With all the swarming we’e been seeing this year our hives are busy producing new queens. I’ve written already this spring about my concerns of the replacement of queens in my hives. What follows is a brief article on the process of queen rearing by our bees.
It starts with queen cells
The first stage in the queen process is the creation of a special cell in which the queen will be reared, called a queen cell. There are three different kinds of queen cells, which are classified based on why the bees are producing new queens (and they rarely try to make just one queen at a time). These are: swarm cells; supersedure cells; and emergency cells.
Swarm cells and supersedure cells are both the result of the planned production of queens due to the hive preparing to swarm or sensing a need for a new queen because the current one is failing. These cells are made by the bees for the sole purpose of rearing a queen and in the beginning are called “queen cups.” The queen lays eggs in these cells and, from the start, the larvae hatched from these eggs are destined to be queens. The cells are a signal to the nurse bees to feed the larvae within the diet of royal jelly, which will cause them to develop into queens.
Emergency cells are the result of the hive suddenly losing a queen or of the queen being no longer capable of laying fertile eggs. In this case, the bees choose a very young larva in a worker cell, expand the cell, and start feeding her large amounts of royal jelly. How young the chosen larva is when a queen diet is commenced will greatly affect the quality of the queen reared. While it is possible for very good queens to be produced from emergency cells, this is not always the case. Beekeepers whose goal is to yield superior queens will mimic conditions that produce swarm or supersedure queens. Placing frames of eggs into a queenless hive will result in emergency queen cells and is not a method by which to attempt to consistently rear high-quality queens.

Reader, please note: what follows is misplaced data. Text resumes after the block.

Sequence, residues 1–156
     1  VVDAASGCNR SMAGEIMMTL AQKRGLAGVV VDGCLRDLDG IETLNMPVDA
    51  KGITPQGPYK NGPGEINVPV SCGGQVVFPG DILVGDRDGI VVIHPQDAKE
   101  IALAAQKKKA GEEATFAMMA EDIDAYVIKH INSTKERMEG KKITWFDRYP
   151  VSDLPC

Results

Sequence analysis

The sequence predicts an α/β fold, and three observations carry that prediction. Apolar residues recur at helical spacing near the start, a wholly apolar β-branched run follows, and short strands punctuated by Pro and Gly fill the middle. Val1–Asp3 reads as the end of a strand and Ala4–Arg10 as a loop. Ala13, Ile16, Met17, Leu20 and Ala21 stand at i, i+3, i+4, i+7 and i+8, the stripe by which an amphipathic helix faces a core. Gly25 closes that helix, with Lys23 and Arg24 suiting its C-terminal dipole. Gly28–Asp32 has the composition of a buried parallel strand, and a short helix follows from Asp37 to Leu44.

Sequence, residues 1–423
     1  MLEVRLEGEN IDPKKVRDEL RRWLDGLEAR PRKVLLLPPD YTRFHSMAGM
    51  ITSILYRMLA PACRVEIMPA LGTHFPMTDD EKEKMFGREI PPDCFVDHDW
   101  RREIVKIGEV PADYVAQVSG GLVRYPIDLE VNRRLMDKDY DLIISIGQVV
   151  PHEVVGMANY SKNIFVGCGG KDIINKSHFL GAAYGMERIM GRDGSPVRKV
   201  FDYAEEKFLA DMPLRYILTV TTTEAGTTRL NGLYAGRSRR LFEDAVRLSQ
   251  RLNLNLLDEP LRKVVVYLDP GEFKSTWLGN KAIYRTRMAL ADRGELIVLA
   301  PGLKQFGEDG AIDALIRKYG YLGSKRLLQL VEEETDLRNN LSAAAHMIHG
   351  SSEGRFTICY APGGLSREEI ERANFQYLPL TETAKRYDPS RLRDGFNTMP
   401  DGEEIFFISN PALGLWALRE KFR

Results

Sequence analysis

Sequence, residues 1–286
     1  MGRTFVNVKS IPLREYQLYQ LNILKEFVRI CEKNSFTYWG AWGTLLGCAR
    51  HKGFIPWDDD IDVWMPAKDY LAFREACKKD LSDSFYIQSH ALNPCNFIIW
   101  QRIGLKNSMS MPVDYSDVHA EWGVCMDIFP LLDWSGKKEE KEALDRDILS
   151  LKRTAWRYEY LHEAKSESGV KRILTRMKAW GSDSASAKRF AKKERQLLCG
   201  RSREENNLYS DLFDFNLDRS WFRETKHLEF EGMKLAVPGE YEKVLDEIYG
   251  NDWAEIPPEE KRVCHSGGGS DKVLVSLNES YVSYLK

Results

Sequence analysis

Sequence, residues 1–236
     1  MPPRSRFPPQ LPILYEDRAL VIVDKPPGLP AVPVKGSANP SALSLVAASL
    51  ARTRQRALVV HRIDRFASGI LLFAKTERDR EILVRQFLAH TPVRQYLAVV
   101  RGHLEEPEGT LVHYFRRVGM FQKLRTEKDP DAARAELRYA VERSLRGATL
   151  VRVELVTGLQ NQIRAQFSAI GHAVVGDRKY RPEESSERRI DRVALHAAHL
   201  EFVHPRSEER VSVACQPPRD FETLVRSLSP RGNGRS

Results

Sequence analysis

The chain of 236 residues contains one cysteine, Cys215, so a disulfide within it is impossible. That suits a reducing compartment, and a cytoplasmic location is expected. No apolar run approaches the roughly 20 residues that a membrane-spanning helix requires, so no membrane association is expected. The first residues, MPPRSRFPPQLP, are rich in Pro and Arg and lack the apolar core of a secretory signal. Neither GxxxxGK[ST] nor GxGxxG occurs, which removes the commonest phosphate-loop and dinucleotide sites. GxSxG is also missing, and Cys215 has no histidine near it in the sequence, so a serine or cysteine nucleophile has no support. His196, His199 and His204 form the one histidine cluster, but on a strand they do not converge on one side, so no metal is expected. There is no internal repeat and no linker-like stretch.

Feeding of the larvae
For the first two days after hatching, larvae destined to be queens and those that will become workers are fed the same diet. At that point, those in queen cells are fed larger amounts of food, more frequently, and of a special kind – royal jelly. Both royal jelly and the food fed to workers contain secretions from the worker bees’ mandibular glands, but royal jelly contains a much higher concentration of these secretions. Larvae become queens as a result of this special diet and the larger quantity of food consumed. This transformation of eggs containing exactly the same genetic material into two very different insects truly is one of the wonders of nature.
Pupae development and emergence
The queen cells are capped about five to six days after hatching as compared to seven to eight for worker larvae. Change from larvae to adults occurs over a period of about seven days during the pupal stage. At that point, the new queens eat their way out of the cells and emerge as virgin queens.
New queens will instinctively seek out and destroy other queens, including those still in their cells. Hence, when rearing queens, it is very important to separate queen cells prior to emergence or risk losing all but one queen. About four days after emerging, new queens will make one or more orientation flights. Mating flights (one or more) occur about 10 days after emergence. Mating must occur within about three weeks after emergence; after that, the new queen may commence laying eggs without benefit of mating and will lay only unfertilized eggs (drones). It is thought that queens that do not mate within about 14 days of emerging will be inferior. Queens may mate with about 10 to 15 drones on the mating flights, but numbers reported by scientists vary.
An additional important factor that influences the success of a honey bee colony’s production of queens is the season of the year. While bees may produce queens during any month with warm daytime temperatures (in Kentucky, this is from March or early April through October), their success rate is much higher April through June – the same time of year when swarm cells are most likely to be produced. During these months, we see warm temperatures, good nectar and pollen flows, and strong colony populations. All these conditions are also those that are optimum for swarming.